A prestigious intern program that places UOW students at the centre of the US political system is helping graduates forge exciting careers after graduation.
On 20 January 2009, millions of people around the world watched as then Senator Barack Obama was sworn in as President of the United States. It was a bitterly cold day in Washington DC, but close to two million people braved the elements to witness the historic event.
University of Wollongong (UOW) students James Deane and Lily Frencham were among the crowds standing along the National Mall, watching as President Obama took the Oath of Office and delivered his first inaugural address. For Lily and James, two Australian students witnessing one of the defining events of modern American history, it was an unforgettable moment.
“The atmosphere was absolutely incredible, I’ve never experienced anything like it,” Lily says of the day, which is still seared in her memory almost eight years later. “We were overtired and freezing, but you couldn’t help but be pumped. It was electric. Washington was completely buzzing and, even though it sounds like a cliché, there truly was a feeling of hope and anticipation in the air. It was an amazing time to be there.”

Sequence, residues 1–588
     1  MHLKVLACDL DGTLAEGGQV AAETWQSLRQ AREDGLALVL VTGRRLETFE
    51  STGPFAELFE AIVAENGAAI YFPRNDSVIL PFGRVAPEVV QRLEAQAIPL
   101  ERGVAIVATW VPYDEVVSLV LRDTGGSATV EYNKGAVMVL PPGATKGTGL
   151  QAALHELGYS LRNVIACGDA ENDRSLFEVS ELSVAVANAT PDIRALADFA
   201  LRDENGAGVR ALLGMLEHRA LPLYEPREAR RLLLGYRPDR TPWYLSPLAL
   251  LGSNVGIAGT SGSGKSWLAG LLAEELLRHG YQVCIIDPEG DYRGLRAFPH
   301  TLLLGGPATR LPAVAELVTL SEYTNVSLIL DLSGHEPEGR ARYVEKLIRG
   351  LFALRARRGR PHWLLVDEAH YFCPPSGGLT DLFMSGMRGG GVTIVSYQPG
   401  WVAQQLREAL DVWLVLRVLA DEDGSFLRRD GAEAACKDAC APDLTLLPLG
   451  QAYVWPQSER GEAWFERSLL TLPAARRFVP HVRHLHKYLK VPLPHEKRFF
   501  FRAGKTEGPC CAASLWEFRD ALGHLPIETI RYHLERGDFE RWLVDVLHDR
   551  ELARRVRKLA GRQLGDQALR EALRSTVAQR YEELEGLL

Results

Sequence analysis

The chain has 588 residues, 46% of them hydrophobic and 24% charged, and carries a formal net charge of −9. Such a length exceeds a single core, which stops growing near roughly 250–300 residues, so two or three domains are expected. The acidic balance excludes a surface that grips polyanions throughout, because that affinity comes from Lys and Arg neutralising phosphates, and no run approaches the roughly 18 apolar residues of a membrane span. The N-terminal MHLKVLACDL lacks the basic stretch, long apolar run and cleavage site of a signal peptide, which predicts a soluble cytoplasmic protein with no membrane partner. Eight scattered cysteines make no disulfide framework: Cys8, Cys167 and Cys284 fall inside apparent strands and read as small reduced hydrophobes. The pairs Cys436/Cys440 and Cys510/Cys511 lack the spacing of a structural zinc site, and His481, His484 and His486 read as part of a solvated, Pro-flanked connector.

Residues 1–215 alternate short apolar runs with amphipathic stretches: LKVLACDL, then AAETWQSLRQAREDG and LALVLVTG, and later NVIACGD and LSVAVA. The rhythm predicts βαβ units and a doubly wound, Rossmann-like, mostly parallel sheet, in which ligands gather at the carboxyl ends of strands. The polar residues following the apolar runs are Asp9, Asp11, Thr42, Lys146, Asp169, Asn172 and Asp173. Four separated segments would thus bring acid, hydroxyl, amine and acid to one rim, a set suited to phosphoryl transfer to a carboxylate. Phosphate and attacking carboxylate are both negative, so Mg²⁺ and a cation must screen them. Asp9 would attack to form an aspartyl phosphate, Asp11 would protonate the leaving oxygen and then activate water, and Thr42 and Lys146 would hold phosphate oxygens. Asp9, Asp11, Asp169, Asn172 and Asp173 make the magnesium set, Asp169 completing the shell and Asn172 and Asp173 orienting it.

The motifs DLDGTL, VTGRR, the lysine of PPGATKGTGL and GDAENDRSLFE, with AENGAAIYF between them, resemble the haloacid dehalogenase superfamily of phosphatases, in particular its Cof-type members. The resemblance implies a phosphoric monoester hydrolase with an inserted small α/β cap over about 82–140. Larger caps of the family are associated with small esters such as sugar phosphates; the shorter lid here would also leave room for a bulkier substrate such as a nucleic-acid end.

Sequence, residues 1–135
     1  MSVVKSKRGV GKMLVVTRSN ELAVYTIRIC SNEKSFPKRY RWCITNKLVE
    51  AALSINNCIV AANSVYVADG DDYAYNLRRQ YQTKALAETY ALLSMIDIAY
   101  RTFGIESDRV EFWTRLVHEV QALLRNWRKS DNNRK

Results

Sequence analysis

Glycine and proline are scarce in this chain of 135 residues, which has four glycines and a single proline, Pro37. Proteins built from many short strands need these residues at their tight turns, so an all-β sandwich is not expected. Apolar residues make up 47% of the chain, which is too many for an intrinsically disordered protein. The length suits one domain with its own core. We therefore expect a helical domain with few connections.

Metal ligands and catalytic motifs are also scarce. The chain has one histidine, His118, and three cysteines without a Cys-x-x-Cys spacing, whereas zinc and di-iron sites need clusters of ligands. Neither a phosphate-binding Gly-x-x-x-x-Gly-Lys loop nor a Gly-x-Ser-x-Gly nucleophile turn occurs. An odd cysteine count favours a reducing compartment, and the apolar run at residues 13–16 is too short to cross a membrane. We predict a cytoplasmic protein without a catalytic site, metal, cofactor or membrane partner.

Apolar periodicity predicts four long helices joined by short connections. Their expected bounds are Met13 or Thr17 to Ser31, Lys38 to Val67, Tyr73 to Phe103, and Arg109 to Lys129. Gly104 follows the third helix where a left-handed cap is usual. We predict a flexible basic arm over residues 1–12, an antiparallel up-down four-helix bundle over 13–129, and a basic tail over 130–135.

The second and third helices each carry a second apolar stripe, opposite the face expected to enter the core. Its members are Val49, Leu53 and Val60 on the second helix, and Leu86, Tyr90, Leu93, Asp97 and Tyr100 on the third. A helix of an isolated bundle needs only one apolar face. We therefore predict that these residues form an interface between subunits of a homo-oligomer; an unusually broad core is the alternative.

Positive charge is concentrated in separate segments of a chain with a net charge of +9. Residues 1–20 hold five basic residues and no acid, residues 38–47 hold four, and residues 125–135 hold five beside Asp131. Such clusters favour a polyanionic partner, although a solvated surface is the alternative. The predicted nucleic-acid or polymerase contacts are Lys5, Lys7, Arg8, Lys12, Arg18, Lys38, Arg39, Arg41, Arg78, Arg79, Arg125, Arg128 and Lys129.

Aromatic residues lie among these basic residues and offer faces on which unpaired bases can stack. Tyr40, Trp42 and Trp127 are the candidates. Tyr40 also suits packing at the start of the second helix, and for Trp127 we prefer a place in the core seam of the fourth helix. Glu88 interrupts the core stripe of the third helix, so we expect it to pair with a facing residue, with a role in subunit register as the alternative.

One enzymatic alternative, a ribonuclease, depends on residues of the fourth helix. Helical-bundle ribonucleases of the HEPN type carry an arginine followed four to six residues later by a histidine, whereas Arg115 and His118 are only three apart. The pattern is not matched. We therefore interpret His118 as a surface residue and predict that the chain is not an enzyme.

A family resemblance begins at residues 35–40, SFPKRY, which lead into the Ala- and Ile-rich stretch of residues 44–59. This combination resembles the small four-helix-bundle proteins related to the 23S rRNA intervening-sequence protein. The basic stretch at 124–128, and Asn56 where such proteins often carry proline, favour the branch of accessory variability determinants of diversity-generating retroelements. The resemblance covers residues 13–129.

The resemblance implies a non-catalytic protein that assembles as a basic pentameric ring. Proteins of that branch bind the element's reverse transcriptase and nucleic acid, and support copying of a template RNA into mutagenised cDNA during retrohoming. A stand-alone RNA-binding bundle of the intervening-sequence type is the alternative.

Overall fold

James and Lily are part of a number of UOW students who have experienced the intricacies and intrigues of the United States political system through the prestigious Uni-Capitol Washington Internship Program (UCWIP). Created 18 years ago and directed since pro bono by Eric K Federing, a former senior congressional advisor and communications director, the program enables students to add context to their university studies and gain valuable experience on an international level.
For his work, Federing was appointed to the Order of Australia in 2015. By day, Federing is a Managing Director for KPMG LLP and serves as Treasurer for the congressionally chartered National Conference on Citizenship.
For many participants, UCWIP has been a jumping off point to a career in aid, policy and international relations, a chance to hone their skills and expertise before plunging into the real world of life after university.